You know that exercise strengthens your heart and lungs. And I have just shown how it can boost your brainpower. But that’s not all. It can also improve your immune system – especially muscle-building resistance exercise.
White blood cells and antibodies are the foundation of your immune system. And both are produced from protein. When you have well-developed muscles, you have a ready supply of protein to make these antibodies and cells in times of need. This is just one reason why strength training is so important, especially as you age (when muscle mass naturally decreases).
Natural killer (NK) cells are a specific type of white blood cell. These cells play a critical role against infectious agents and also cancer cells. Several studies have shown that these healthy warriors are directly proportional to muscle mass in the older population. Studies have also shown that exercise not only increases their numbers, it can also improve their ability to kill invading cells (cytotoxicity). One study, also published in Gerontology showed that intense exercise boosted the cytotoxicity of NK cells by 50 to 200 percent.
Why You Should Exercise Today… and Every Day
There are times when you will work out more strenuously than others, but you should make an effort to do SOMETHING every day. Too many of us go from the bed to a car to a desk to a couch and then back to bed again, without breaking a sweat. We do this for weeks on end. And recent research shows just how harmful it can be.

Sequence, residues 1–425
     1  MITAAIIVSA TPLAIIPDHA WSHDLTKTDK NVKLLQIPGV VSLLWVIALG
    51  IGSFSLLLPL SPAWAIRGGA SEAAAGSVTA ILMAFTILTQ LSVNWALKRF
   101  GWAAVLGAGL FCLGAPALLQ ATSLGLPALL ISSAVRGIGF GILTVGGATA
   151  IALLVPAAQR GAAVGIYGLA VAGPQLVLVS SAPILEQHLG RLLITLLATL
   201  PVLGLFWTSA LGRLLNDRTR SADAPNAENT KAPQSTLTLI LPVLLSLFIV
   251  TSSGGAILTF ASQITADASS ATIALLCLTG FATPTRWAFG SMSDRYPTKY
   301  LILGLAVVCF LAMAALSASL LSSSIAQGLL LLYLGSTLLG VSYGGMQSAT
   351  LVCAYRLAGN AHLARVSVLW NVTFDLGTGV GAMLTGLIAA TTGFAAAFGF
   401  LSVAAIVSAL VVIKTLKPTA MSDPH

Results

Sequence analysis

In a study at the University of Missouri-Columbia, researchers had a group of rats run on exercise wheels consistently for three weeks. Then they locked the wheels. Within only 48 hours they found that the rat’s sensitivity to insulin dropped by one third. They also found that insulin sensitivity continued to decrease the longer the rats were inactive.
Insulin binds with receptors on muscle tissue and creates a path for the glucose in your bloodstream to be transferred into the muscles and other tissues. When you are active, this metabolic process is rapid and efficient. However, when you are sedentary (even for 48 hours) the efficiency is reduced and it takes greater and greater amounts of insulin to reduce the glucose in your blood. Decreased sensitivity to insulin is a precursor for just about every degenerative disease. And exercise is one of the best ways to increase your sensitivity to insulin.
Resolve to exercise every day for the next two weeks…
If you have made a resolution to exercise more this year, you have made a very good decision. Now follow through on your promise. For the next two weeks, don’t let a day go by without doing some form of exercise.
Vigorous exercise is best. But even if all you have time for on some days is a walk around the block… or 20 push-ups… or 10 minutes of stretching before bed… do something! And don’t skip a day for the next two weeks. After that, you will already be feeling better. And you will have momentum on your side to continue.
Regular exercise can literally turn back hands of time. A lifetime of activity is the best thing you can possibly do to maintain your youth.
To Your Health,
Editorial Director Total Health Breakthroughs